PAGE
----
Researching cells through colorful imaging
The Cell Profiling unit at SciLifeLab has a unique library of more than 25 000 validated antibodies, which are used to create strikingly colorful images describing the inner workings of cells. But how does the image creation work exactly, what does Head of Unit Charlotte Stadler see for the future of Cell Profiling and how can you get access to the technologies in your project?
In essence, the Cell Profiling unit grows and treats cells, adds antibodies with fluorescent dyes attached to them, takes pictures of this and looks at it in a microscope – a process that gives them images in smashing colors, describing where proteins and other structures are located in individual cells.
Why antibodies are used when taking pictures of proteins? Essentially because they are really good at finding specific things. If a protein is to be analyzed, certain antibodies know where to find it in the cell and attach to it. When preparing the antibodies with a fluorescent dye, the proteins they attach to can be viewed in a microscope capable of visualizing these fluorescent colors. Different fluorophores, molecules that can emit light, are used to create images of different colors, where different parts of the cell glow with different colored light. In this way, you can see the boundaries of a cell in a certain color and other structures in other colors, making strikingly pedagogical works of art.
A unique library
The Cell Profiling unit has got access to more than 25 000 validated antibodies from the Human Protein Atlas project, a project that started in 2003 with the aim of mapping all human proteins in cells and tissues. In practice, having access to the library means that researchers can use the unit to visualize a lot of different proteins – rather than having to analyze a single protein due to limited resources. When using Cell Profiling, you do not need to purchase a whole vial with a hundred microliters of each specific antibody, which is often the case if you buy antibodies from a commercial company. You only need to pay for the amount of antibody you use, which reduces the cost per protein to look at. The unit also helps with preparing the samples and taking the images.
It is easy to think in terms of your perceived reality. When the only option is to analyze one or a few proteins due to lack of resources, there is not much of a reason to think of research projects that include hundreds. Having access to a whole library of antibodies allows researchers to explore new ideas.
“The antibody library is a truly unique resource, and we believe that many researchers are not aware of these possibilities. My hope is that researchers would come to us wanting to use hundreds of antibodies from our library to answer complex questions”, says Charlotte Stadler.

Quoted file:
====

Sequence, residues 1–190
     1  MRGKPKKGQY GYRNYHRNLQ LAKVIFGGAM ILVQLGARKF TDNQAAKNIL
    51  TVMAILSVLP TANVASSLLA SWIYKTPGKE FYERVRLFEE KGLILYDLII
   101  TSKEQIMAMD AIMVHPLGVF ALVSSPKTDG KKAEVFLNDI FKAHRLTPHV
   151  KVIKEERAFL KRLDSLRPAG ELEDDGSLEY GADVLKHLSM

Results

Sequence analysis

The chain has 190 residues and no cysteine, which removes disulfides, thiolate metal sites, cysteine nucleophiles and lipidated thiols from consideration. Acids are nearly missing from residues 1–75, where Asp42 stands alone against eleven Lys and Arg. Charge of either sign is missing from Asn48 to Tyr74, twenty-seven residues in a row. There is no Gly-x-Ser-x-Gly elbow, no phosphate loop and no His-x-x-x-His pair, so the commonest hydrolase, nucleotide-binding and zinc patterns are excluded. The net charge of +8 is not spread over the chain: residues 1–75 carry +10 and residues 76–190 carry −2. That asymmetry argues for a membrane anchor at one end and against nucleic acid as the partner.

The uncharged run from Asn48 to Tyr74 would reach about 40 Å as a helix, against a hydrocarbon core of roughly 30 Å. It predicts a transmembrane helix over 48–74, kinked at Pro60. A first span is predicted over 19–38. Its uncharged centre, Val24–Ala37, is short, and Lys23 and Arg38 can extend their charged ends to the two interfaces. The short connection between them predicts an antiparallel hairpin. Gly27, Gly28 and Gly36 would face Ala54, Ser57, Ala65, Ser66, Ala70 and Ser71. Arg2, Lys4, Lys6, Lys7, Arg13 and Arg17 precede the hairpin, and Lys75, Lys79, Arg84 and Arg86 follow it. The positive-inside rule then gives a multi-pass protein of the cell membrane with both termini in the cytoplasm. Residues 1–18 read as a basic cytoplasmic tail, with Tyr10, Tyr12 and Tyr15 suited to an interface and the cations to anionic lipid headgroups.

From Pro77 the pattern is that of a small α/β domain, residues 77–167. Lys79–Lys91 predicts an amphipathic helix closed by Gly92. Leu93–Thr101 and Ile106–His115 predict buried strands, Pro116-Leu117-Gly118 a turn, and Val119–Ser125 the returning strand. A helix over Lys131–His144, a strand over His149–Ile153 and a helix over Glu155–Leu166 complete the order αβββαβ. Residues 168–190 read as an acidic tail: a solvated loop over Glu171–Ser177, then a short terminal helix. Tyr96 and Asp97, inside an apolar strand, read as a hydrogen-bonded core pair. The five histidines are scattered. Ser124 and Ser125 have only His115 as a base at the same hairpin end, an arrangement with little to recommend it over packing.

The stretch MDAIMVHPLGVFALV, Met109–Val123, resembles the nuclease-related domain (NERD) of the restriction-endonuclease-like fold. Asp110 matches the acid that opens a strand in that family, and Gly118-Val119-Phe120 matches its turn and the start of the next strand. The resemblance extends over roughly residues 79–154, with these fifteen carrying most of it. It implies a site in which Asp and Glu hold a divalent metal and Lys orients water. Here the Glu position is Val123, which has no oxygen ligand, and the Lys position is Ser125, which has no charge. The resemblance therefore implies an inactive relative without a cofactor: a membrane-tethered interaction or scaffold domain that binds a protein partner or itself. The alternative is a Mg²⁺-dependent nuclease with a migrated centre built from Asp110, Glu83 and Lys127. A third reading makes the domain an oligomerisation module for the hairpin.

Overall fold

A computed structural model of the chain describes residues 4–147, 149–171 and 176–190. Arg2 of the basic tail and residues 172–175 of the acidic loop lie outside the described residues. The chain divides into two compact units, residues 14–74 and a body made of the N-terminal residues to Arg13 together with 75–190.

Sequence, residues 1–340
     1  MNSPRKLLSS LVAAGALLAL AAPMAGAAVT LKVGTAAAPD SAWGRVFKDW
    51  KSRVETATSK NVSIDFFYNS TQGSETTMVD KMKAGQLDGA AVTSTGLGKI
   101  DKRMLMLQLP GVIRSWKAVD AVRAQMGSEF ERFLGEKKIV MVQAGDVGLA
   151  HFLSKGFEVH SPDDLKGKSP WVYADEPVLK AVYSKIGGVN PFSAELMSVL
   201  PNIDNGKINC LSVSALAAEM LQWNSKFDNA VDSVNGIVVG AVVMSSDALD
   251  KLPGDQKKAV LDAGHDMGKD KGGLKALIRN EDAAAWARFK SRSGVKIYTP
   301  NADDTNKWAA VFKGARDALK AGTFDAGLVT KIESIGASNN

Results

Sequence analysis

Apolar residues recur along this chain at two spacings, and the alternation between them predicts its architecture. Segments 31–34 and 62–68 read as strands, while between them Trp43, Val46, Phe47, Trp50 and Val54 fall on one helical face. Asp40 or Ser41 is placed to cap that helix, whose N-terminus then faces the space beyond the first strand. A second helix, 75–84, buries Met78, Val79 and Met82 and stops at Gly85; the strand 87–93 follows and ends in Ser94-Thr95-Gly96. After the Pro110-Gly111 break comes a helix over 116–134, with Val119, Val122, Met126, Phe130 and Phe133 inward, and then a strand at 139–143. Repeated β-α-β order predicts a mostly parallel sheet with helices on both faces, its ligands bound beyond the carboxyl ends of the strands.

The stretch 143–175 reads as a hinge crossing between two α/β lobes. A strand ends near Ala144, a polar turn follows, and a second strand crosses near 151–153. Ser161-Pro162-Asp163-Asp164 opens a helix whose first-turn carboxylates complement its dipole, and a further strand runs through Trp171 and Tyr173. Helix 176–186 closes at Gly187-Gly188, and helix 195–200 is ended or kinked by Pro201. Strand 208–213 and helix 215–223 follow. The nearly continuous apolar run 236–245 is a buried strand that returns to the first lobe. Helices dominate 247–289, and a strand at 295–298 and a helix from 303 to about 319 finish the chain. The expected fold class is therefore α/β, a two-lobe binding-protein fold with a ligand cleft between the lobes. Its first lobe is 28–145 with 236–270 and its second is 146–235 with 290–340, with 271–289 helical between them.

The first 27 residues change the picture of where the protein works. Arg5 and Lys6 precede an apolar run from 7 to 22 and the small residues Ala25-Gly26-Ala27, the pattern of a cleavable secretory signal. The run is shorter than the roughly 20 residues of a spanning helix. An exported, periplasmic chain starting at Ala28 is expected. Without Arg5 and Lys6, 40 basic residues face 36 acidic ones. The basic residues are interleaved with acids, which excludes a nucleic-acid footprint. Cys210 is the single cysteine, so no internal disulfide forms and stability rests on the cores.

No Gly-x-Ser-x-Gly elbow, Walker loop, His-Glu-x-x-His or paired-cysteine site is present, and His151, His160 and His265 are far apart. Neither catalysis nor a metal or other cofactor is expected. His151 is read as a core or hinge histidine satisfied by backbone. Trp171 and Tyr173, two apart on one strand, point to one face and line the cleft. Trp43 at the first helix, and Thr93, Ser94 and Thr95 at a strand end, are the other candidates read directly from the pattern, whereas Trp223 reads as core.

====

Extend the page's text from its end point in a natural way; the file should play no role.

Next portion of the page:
The Human Protein Atlas project started in 2003 with the aim to map all proteins in cells and tissues. So, why would you need to analyze more than this? The atlas has mapped the proteins in a standardized manner, during normal circumstances. Further research and units such as Cell Profiling is needed when there is a need to investigate situations out of the ordinary.
“In contrast to the Human Protein Atlas, we make tailor-made experiments where we characterize cells under particular circumstances, how they react when a substance is introduced for example”, says Charlotte Stadler.
She explains the difference by comparing the cell to a company. The Human Protein Atlas investigates the employees of the company – the proteins – on a regular day, while the Cell Profiling unit can examine the company when there is a financial crisis, to see whether the dynamic between the employees differ during the more stressful environment.
Grown up at SciLifeLab
Charlotte Stadler is truly passionate about method development. This is also the type of research she takes on as Head of Unit, 20 percent of her work can be dedicated to research on developing the methods they use at the unit. She is excited about a new multiplex instrument – called CODEX, that can analyze more than 25 proteins at a time in the same sample, but she is also intrigued by improving tissue analysis.
Another area Charlotte Stadler has recently studied is sample preparation of non-adherent cells. Adherent cells are cells that prefer to grow on things, such as skin cells. In contrast, non-adherent cells are often on the move, like blood cells that circulate in the bloodstream. Because of this, it’s hard to get them to stick to surfaces – such as microscope slides, the cells are easily washed away during sample preparation. Charlotte Stadler and the Cell Profiling unit have now optimized a protocol to be able to analyze non-adherent cells with greater success.
“This is a typical example of internal method development where focus lies on improving the technologies and methods needed to answer the biological questions the users may have”, says Charlotte Stadler.
One could almost say that Charlotte Stadler has grown up at SciLifeLab. She worked with the Human Protein Atlas project as part of her master’s thesis, and stayed at the project for her PhD, developing and integrating many of the strategies used for antibody validation within the Human Protein Atlas today. After her PhD she was offered a job at the project. This is also why she had a bit of an identity crisis before she started as Head of Unit. Should you really work at the same place for your entire career, she asked herself. She explained the situation to her supervisor and Head of Unit at the time, Dr Emma Lundberg, who responded with offering her own job to Charlotte Stadler – a job that came with new challenges, more strategic thinking and lots of responsibility. The answer to the question was in the end quite easy: If you like it, of course you should stay.